TEACHER RESPONSE TO NON-NATIVE SELECTION ERRORS IN COLLEGE- LEVEL ESL FRESHMAN COMPOSITION
Within a larger theoretical framework exploring the role of creative (i.e. rule based) and routine (e.g. conventionalized) language in L1/L2 use and acquisition, this exploratory pilot study examines an ESL instructor's perception of, and responses to, non native-like (i.e. non-routine) language selection at the sentence level in a college level ESL composition class. Three final student papers were analyzed to determine the degree to which the instructor addressed non-native selection errors (NNSEs). The instructor was interviewed regarding his perceptions of NNSEs and was also asked to participate in an error correction task. The data indicate that NNSEs were often not addressed in final drafts. Further, the error correction choices made by the instructor were a product of a) political beliefs regarding expectations for L2 learners of a global communication tool such as English, b) lack of perception of NNSEs, and c) underlying beliefs regarding second language acquisition and teachability of routine language. Finally, the study design was critiqued and the implications for teacher training, both pedagogical and sociopolitical, are discussed.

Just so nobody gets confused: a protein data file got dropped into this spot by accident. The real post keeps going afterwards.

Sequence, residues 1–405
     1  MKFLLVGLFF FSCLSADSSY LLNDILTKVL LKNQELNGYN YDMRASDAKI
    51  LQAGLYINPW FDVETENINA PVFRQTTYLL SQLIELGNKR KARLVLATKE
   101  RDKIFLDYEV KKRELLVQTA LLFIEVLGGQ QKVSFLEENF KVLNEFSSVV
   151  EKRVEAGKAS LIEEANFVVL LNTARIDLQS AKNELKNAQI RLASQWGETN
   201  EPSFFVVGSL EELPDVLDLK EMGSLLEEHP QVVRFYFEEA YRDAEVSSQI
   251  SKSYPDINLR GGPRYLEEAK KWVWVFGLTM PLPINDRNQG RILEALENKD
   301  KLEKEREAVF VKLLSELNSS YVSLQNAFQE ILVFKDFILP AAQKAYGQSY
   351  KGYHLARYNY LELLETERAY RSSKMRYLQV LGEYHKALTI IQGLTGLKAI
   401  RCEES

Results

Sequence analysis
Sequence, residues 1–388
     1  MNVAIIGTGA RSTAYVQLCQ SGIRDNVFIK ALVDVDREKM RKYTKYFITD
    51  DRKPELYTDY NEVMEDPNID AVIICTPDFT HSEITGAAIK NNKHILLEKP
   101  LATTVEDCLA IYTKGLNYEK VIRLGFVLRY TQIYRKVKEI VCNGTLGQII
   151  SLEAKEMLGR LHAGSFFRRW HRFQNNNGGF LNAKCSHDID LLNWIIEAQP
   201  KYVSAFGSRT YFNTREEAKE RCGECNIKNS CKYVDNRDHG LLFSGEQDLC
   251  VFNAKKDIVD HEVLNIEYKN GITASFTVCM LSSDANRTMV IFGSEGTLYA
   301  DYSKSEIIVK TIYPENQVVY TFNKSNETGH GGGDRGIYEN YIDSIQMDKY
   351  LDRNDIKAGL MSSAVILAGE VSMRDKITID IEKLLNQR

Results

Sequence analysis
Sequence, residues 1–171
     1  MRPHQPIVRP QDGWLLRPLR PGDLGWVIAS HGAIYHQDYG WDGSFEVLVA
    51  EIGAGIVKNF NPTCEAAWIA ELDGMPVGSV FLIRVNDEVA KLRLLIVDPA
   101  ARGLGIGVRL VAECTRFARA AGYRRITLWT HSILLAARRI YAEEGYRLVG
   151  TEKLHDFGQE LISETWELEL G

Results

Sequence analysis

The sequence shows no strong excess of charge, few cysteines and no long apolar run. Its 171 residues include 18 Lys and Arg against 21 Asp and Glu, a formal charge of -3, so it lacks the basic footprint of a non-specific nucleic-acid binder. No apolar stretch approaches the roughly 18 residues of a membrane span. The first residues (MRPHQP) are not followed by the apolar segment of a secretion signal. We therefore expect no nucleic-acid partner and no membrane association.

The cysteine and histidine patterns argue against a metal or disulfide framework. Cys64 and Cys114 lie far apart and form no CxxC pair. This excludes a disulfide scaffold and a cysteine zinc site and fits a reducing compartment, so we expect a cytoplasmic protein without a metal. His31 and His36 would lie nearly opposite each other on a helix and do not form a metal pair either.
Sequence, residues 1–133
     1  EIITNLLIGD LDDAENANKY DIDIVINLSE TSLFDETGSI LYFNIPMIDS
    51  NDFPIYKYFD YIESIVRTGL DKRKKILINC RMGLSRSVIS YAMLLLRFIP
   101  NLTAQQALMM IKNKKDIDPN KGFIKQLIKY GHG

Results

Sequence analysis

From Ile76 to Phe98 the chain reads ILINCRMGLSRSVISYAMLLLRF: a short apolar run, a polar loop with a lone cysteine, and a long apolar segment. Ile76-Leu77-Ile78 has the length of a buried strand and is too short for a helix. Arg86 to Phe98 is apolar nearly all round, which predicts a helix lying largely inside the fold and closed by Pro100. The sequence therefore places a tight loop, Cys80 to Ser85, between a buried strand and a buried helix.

How to Cite
Gerson J., (2005) “TEACHER RESPONSE TO NON-NATIVE SELECTION ERRORS IN COLLEGE- LEVEL ESL FRESHMAN COMPOSITION”, Journal of Second Language Acquisition and Teaching 12(0). p.63-77.